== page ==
Armstrong, Thomas (DNB12)
|←Armstrong, George Carlyon Hughes||Dictionary of National Biography, 1912 supplement
ARMSTRONG, THOMAS (1832–1911), artist, born at Fallowfield, Manchester, on 19 Oct. 1832, was eldest son of Thomas Armstrong. Educated at a private school at Tarvin, near Chester, he was originally intended for business in Manchester. His tastes, however, led him to take up drawing under Mr. Crazier, of the Manchester Fine Art Academy. Deciding to adopt painting as a profession, he went to Paris in 1853, contemporaneously with du Maurier, Poynter, Lamont, and Whistler. At first he worked in the Académie of Suisse, who had been for many years a prisoner of war at Dartmoor and on his release had set up an art class in Paris, which the principal painters of the Restoration period from Ingres onwards had frequented. Armstrong subsequently entered the atelier of Ary Scheffer, who greatly influenced his style and method of work. In the summer he joined Millet, Bodmer, and Charles Jacque at Barbizon, and from them learnt much of which he made profitable use in his work in Algiers (1858-9) and subsequently on the Riviera (1870-2). Meanwhile he had studied in the Académie Royale of Antwerp under Van Lerius (1855-6), and in 1860 he was joined by du Maurier at Düsseldorf. There Professor Eduard Bendemann had recently succeeded F. W. Schadow, who had brought from Rome to Germany the traditions of Renaissance art. On his return to England Armstrong devoted himself to decorative painting in houses in the north, and on more than one occasion associated with his work that of his friend Randolph Caldecott [q. v. ], whom he was the means of bringing into public notice. In 1864 he definitely fixed himself in London, exhibited regularly at the Royal Academy from 1865 to 1877, and subsequently up to 1881 at the Grosvenor Gallery. His landscape painting was distinguished by its fidelity and poetic feeling, but in his figure pieces, to which he devoted much time and conscientious labour, the conflicting influences of his early training were often apparent.
In 1881 Armstrong was appointed director for art at the South Kensington (now Victoria and Albert) Museum in succession to Sir Edward J. Poynter, R.A., and he promptly made his influence felt on the methods of teaching. He held that so rarely were the talents of the craftsman and designer to be found united in the same pupil, that it was the duty of technical schools to recognise the independence of the two capacities, while applying art to industry in every branch of teaching. Before his appointment to South Kensington he had guided and instructed Miss Jekyll in her efforts to establish at Chelsea a school for art needlework for the first time in this country, efforts which were amply justified by the results. In his official capacity he continued to work on the same lines. He warmly supported the efforts of Walter Copland Perry [q. v. Suppl. II] to supply art students with an adequate representation of antique sculpture, and developed and carried out the plans of his predecessor (Sir) Edward Poynter, for a museum of casts. To his initiative also was due the revival of the art of English enamelling, under Professor Dalpeyrat in 1886. He was, too, a warm supporter of the School of Art Wood-carving, which, though not officially countenanced or aided by the department, received the active support of its chief, Sir John Donnelly [q. v. Suppl. II], to whose place as chairman of the committee Armstrong succeeded in 1902. But it was by the personal interest which he took in the pupils' work, scattered though it was all over the country, that Armstrong's services to art and its application to industry must be gauged. He made himself acquainted with the requirements of each district, the special aptitudes of the students and the lines on which they needed help and guidance. It was owing to Armstrong's insistence that the Victoria and Albert Museum possesses the reproduction to scale of the Camerino of Isabelle d'Este, the Appartamento Borgia in the Vatican, the dome of the Chapel of St. Peter Martyr at Milan, and the chief room of the Palazzio Madama at Rome and other works works representing the highest period of the Italian renaissance and invaluable to students of decorative art. With the same object he applied himself to the acquisition of works of art for the museum having an educational value or bearing upon the development of artistic taste and feeling. His colloquial knowledge of foreign languages, combined with an attractive personality, behind which lay a shrewd sense of business, enabled him not only to purchase and acquire for the museum many important works, but to establish friendly relations with the directors and officials of similar museums on the continent, and to attract them to this country to compare and explain their methods. Armstrong retired from South Kensington in 1898, when he was made C.B. Thereupon he took up painting again, and devoted himself especially to the execution of a mural tablet in plaster and copper which was placed in the church at Abbots Langley to the memory of his only child the subjects of the panels being a Riposo and Christ and the doctors.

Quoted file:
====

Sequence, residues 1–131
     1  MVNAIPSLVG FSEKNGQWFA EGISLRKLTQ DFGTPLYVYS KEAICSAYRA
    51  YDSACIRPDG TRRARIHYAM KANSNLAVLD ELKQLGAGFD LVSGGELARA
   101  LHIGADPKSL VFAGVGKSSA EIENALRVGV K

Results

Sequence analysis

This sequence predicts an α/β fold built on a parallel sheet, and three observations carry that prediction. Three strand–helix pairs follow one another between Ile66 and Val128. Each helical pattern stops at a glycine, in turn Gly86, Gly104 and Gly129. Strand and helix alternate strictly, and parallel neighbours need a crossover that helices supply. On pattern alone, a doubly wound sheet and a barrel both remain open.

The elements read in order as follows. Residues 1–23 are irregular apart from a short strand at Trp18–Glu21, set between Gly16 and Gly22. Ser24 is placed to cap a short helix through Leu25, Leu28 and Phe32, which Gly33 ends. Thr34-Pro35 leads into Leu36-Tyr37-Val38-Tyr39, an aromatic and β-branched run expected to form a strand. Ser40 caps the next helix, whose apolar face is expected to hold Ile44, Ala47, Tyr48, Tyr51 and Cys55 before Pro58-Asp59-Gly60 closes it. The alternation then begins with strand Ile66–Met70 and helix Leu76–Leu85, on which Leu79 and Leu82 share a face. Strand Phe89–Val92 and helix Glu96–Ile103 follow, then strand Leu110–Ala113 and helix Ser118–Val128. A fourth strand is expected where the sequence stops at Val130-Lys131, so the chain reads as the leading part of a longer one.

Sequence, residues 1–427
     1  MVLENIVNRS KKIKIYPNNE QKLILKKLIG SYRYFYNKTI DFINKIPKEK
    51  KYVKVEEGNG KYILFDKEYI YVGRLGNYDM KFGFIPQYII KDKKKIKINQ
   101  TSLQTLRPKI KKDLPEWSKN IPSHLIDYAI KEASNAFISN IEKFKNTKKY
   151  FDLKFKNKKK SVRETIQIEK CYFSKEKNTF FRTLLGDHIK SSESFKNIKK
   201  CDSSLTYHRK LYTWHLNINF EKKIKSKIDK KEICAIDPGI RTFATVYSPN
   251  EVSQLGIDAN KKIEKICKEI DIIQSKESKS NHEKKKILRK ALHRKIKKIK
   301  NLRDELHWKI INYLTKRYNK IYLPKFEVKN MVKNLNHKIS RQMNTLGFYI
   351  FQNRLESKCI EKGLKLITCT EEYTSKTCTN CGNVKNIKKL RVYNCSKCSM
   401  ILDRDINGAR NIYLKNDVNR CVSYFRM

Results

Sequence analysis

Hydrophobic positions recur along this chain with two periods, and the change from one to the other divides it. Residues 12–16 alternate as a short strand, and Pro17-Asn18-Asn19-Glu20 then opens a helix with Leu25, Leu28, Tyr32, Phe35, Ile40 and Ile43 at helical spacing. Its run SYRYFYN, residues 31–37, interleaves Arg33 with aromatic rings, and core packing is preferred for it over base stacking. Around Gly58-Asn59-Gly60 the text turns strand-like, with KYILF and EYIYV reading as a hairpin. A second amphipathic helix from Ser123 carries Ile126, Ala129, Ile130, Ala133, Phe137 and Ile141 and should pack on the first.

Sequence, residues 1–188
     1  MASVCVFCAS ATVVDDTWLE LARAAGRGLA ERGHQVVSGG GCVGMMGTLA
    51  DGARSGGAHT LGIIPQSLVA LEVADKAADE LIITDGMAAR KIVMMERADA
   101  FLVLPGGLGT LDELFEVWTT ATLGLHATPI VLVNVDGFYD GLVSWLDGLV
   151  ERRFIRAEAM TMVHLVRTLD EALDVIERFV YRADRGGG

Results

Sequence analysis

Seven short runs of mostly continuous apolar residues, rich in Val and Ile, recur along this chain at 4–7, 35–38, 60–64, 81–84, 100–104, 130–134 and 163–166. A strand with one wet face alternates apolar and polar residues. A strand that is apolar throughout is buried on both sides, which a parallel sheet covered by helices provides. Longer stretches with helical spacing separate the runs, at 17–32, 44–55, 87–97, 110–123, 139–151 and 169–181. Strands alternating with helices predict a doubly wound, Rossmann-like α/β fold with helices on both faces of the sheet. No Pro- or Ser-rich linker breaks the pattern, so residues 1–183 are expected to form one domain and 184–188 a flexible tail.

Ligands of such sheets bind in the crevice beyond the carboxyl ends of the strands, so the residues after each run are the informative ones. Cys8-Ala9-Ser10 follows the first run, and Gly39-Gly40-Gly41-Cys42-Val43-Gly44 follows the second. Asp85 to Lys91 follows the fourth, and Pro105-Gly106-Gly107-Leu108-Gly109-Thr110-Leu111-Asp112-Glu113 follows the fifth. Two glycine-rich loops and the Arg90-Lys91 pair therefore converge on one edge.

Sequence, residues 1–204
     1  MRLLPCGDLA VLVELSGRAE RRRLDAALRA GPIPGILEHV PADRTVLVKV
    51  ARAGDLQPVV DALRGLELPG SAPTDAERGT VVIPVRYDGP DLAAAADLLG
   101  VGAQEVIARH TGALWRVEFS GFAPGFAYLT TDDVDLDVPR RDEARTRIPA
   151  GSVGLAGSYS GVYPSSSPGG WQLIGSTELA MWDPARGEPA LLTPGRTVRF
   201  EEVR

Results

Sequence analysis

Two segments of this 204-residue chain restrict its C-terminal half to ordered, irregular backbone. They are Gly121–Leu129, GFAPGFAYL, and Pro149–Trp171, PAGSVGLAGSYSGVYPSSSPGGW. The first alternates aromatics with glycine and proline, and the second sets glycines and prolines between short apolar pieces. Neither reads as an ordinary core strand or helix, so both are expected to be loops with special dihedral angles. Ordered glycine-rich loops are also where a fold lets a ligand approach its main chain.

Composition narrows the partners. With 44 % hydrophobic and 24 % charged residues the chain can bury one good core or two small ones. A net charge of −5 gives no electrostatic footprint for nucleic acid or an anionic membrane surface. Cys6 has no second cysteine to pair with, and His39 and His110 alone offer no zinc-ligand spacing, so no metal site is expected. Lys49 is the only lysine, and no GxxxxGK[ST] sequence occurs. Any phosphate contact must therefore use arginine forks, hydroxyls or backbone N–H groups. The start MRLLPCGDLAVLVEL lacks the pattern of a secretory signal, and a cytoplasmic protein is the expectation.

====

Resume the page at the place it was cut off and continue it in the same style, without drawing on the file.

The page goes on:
Armstrong died suddenly at Abbots Langley on 24 April 1911, and was buried there. On 22 April 1881 he married Mary Alice, daughter of Colonel Brine of Shaldon, Devon.
[The Times, 26 April 1911; private information; Graves's Royal Academy Exhibitors; Art Journal 1891 with portrait.]